Suspected Indian Mujahideen terrorist involved in multiple blasts that killed 165 people arrested

Delhi Police said Ariz Khan alias Junaid, an expert bomb maker, escaped from site of the Batla House encounter in 2008 and has been on the run since. Suspected Indian Mujahideen terrorist Ariz Khan was arrested by Delhi Police on Wednesday.(Arvind Yadav/HT PHOTO) Updated: Feb 14, 2018 18:01 IST By  Agencies , Agencies, New Delhi The Delhi Police arrested on Wednesday a suspected Indian Mujahideen terrorist who was allegedly involved in multiple blasts across the country in which at least 165 people died.  Ariz Khan, who had been on the run since the 2008 Batla House encounter, was arrested by the Delhi Police’s Special Cell. “The Delhi Police Special Team arrested Ariz Khan alias Junaid, who was involved in many bombing incidents including the 2008 Delhi serial blasts,” said Pramod Singh Kushwaha, DCP, Special Cell Delhi Police, at a press conference.  “He is an expert bomb maker, conspirator and executioner...At least 165 people died in the incidents he was involv

Pakistan's Bilawal Bhutto Zardari: 'We need to counter extremist ideological narrative'

Pakistan is set to hold general elections this year which will be crucial for its democratic future. DW spoke to Bilawal Bhutto Zardari, Pakistan People's Party (PPP) chairman, about the key problems facing the nation. DW: Pakistan claims it has made huge sacrifices in combating terrorism but they are not recognized by the West. You also mentioned once that you are one of the biggest victims of terrorism and that you lost your mother because of it. Against this backdrop, how would you present Pakistan's position on this issue to the international community? Bilawal Bhutto Zardari: It is the duty of all of us to present Pakistan's views and concerns on this issue and I shall contribute my part. We should openly debate about  extremism and terrorism, not just about militancy . The cultural and ideological narratives should also be discussed. In doing so, militancy should be countered.  As far as Pakistan's sacrifices are concerned, I think it may be that the world

‘Sikh Extremists In Canada, The UK And Italy Are ­Working With ISI Or Independently’

On returning as Punjab chief minister last year,  Captain Amarinder Singh found the state reeling under a drug problem and  att­empts to revive Khalistani ext­r­e­mism. In this interview with  Ushinor Maj­um­dar , he explains the role of the ‘foreign hand’ and how the state is dealing with it. Edited excerpts: Is there a resurgence of Khalistani ext­re­mism, considering the number of rec­ent incidents and killings? There has been no resurgence. In fact, since the Congress took over, the Punjab Police has cracked the “targeted killings” and busted several terrorist modules, with no fresh cases in the past several weeks. For the supply of weapons and other logistics, the radicals had started using the criminal gangs that had mushroomed over the past decade. Vicky Gounder, killed in a recent encounter, was an example. Unemployment and the drug menace emerged over the past 10 years, making Punjab’s youth vulnerable to external influences and pressures. Various external forces are c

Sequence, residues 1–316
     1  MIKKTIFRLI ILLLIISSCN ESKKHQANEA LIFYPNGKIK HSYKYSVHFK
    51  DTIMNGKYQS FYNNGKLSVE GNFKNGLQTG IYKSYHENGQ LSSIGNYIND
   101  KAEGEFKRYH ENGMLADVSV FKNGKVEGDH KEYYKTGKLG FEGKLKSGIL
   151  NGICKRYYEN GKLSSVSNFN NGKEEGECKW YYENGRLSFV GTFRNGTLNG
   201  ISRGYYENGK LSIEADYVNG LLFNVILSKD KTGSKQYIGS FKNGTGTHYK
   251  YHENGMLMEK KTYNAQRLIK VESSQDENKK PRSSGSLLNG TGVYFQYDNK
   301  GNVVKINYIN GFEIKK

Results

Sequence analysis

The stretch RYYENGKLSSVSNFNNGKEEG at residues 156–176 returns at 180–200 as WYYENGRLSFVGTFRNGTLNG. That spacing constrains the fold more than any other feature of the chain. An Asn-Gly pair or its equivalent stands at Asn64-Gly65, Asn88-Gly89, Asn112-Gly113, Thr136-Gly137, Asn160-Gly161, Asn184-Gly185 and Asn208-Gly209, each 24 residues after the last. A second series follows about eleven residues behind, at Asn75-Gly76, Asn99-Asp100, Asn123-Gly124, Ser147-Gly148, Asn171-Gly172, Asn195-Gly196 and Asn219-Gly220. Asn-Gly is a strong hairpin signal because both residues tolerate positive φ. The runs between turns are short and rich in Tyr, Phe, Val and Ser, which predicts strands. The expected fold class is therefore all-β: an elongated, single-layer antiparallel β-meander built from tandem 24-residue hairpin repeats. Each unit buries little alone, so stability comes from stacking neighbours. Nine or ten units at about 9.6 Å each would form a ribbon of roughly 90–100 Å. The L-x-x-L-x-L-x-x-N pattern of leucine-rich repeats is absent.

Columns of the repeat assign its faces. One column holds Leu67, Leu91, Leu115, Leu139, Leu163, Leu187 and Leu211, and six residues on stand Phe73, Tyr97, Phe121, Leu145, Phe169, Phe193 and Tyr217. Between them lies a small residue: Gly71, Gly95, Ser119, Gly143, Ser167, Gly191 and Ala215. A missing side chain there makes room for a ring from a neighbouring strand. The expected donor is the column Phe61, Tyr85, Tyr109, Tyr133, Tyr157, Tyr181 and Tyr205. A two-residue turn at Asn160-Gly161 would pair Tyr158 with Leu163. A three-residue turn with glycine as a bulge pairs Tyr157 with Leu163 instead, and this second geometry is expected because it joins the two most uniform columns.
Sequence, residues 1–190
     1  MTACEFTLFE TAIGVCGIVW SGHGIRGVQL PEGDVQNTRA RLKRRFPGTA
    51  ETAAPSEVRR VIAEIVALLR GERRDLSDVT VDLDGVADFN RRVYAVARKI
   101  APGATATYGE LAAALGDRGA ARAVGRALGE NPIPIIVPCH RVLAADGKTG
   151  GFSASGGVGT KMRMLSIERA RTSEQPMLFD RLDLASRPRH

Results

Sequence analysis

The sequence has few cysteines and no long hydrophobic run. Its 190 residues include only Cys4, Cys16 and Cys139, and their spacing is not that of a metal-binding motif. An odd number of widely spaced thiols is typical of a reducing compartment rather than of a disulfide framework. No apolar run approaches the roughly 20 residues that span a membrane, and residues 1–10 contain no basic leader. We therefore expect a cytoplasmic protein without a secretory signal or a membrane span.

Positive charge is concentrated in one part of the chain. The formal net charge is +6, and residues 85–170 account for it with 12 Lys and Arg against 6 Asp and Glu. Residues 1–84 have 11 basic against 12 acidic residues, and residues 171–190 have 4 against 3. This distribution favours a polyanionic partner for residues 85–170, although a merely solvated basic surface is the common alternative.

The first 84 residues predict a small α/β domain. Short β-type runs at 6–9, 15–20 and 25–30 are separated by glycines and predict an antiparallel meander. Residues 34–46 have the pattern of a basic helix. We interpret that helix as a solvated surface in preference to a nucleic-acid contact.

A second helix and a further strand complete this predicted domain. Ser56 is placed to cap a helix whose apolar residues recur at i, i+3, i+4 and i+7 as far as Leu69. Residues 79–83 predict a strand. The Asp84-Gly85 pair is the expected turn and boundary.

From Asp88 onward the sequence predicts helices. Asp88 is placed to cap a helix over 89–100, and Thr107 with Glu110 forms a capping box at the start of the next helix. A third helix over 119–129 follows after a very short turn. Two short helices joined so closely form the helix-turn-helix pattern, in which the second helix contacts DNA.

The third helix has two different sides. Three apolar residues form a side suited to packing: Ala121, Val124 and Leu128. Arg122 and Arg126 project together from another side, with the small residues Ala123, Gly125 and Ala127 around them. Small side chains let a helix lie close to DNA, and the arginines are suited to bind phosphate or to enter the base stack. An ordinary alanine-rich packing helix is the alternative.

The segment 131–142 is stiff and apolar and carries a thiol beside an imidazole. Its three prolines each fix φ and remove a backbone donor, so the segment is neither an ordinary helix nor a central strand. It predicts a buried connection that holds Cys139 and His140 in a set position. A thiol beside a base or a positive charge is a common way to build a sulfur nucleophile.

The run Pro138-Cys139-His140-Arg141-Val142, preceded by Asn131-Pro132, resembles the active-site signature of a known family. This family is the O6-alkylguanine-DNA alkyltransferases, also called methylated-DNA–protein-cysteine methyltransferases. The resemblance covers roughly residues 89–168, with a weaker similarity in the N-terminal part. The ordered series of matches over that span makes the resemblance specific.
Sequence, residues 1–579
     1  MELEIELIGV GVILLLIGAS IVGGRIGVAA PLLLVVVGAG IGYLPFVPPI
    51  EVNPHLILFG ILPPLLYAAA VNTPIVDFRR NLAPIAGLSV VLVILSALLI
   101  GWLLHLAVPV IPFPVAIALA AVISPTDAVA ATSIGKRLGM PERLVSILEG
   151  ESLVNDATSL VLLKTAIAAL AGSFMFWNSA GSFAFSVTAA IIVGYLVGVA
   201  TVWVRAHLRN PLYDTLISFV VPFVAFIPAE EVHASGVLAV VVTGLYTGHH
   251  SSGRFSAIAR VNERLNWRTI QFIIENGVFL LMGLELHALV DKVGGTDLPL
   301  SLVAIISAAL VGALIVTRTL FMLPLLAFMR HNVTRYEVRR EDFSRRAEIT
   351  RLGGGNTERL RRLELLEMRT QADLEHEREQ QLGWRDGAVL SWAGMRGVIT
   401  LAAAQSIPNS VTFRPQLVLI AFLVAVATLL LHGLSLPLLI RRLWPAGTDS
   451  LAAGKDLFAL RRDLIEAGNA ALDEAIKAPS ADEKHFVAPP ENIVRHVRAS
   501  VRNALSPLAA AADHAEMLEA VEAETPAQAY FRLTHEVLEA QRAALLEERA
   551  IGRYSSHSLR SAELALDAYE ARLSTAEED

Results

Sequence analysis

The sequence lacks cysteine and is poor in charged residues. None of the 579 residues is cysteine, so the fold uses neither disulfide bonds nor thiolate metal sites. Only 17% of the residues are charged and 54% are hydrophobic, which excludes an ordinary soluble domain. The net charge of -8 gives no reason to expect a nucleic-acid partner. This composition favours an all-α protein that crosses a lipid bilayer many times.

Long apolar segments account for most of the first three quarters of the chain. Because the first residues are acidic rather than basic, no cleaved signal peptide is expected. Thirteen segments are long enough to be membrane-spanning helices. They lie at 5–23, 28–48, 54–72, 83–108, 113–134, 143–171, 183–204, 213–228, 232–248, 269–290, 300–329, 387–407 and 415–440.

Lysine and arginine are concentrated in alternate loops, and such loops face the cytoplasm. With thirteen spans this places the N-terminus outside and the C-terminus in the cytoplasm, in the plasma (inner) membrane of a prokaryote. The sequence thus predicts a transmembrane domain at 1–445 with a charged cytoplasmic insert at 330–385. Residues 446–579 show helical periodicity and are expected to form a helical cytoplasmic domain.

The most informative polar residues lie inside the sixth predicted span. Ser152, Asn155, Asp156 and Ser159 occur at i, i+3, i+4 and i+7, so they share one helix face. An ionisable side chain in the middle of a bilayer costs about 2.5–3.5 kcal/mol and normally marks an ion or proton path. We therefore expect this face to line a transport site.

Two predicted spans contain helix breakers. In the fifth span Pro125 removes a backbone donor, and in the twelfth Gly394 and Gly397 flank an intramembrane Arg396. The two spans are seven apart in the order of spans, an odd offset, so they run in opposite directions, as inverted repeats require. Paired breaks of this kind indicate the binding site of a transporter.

UK Professor: Danger of Salafi and far-right extremism in Europe

During the International conference of "Islam in Europe: Prospects and Challenges" that was held on Wednesday in Qom there is an interview with professor Robert Gleave, Director of the Centre for the Study of Islam at University of Exeter in the UK. (AhlulBayt News Agency) -  During the International conference of "Islam in Europe: Prospects and Challenges" that was held on Wednesday in Qom there is an interview with professor Robert Gleave, Director of the Centre for the Study of Islam at University of Exeter in the UK. What’s the place of extremism in Europe now? As Ayatollah Tehrani said very nicely there are different sorts of extremism; we’re very worried and concerned about the rise of anti-foreigner extremism, these are far-right groups who have sort of allegiance to Nazi ideology, who in Europe are becoming a threat to the stability of our culture and our society by attacking certain ethnic minority groups, Muslims included. So that’s one type of extr

Report investigates Americans who joined terrorist groups

Media Credit: Mike Shanahan | Staff Photographer Bennett Clifford, a research fellow in the Program on Extremism and a co-author of the report, said the study is the largest publicly available research into American participation in jihadist groups located in Syria and Iraq. Sixty-four American citizens have traveled to Iraq and Syria since 2011 to join terrorist groups, according to a new report by GW’s Program on Extremism – the most comprehensive ISIS study ever compiled in an academic setting. The 87-page document, titled “The Travelers: American Jihadists in Syria and Iraq” and published Tuesday, details the paths that home-grown terrorists have taken to link up with groups like ISIS in the Middle East. The report’s authors said the study provides key new insight into the motivations that drive American citizens to take up arms with ISIS and will help U.S. policy makers confront the threat posed by these groups. The study, which took two years to complete, was compile